What made the tracks unusual was that the marks were manus only, referring to footprint impressions made by front limbs, not the rear limbs (known as pes).
The alternative view to explain manus-only tracks like this is that the forefeet of sauropods (supporting more of the animals' body weight) are all that leaves track marks on certain kinds of ground surfaces, as the rear limbs, supporting less weight, leave less impression on soil and sediment.
While that might now be the generally preferred interpretation of manus-only sauropod tracks, the case for dinosaurs treading through shallow, shoulder-height bodies of water on their front limbs (with their rear limbs not reaching the ground) has never been definitively ruled out.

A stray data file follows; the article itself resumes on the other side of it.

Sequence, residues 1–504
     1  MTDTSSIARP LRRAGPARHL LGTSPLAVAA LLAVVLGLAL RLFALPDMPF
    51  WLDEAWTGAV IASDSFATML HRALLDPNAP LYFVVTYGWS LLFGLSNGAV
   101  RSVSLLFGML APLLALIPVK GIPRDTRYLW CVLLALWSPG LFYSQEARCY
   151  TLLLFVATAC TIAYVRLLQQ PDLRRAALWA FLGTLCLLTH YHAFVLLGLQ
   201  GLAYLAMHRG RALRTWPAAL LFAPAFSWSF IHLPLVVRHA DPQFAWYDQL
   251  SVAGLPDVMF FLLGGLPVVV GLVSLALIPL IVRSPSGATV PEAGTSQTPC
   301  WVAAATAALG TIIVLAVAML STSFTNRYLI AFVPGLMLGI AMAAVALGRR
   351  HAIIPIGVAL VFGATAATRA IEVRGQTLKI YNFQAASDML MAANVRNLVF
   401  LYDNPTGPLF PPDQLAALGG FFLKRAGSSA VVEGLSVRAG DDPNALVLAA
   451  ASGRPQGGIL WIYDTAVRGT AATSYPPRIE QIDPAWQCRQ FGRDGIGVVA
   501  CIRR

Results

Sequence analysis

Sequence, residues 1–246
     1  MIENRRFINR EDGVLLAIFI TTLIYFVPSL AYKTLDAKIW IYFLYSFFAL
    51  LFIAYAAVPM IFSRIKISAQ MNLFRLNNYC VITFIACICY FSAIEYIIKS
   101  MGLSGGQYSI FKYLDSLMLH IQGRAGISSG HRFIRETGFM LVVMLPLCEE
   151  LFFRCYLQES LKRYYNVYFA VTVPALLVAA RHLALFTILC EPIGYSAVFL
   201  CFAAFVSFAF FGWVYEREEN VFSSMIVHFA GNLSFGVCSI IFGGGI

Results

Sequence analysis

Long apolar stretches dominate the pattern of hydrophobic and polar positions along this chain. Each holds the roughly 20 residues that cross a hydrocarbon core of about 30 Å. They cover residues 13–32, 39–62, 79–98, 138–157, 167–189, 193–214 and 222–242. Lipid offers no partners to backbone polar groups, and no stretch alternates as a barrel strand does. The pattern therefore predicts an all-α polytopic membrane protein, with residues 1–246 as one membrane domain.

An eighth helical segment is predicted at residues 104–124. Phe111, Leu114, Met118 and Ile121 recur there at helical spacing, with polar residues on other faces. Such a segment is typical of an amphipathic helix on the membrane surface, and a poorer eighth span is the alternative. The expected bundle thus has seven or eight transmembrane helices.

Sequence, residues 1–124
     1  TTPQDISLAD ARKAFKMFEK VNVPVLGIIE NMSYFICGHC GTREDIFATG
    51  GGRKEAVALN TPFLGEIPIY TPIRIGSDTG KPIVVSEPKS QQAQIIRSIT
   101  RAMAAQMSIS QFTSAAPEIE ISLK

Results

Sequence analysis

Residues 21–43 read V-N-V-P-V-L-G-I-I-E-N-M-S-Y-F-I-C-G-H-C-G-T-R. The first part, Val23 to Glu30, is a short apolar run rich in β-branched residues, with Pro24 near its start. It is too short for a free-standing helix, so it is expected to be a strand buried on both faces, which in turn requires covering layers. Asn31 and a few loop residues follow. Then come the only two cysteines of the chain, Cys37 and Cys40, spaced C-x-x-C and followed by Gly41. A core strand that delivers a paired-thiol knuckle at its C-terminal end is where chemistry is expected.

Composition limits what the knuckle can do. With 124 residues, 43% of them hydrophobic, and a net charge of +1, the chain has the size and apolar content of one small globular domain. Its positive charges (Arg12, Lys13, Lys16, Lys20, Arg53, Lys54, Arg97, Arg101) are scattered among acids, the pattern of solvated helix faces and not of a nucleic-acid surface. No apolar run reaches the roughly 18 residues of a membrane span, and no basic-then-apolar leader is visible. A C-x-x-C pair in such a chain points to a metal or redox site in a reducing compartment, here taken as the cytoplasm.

While we don't know for sure what kind of sauropods left these manus-only marks, the researchers highlighted the possibility that it could be a different kind of dinosaur to those responsible for other manus-only footprints previously seen in the Glen Rose Formation.
"Greater differential pressure exerted on the substrate by the forefeet than the hindfeet probably explains the Coffee Hollow trackways, like other manus-only sauropod trackways, but the possibility that they indicate unusual locomotion cannot at present be ruled out," the authors wrote in their paper.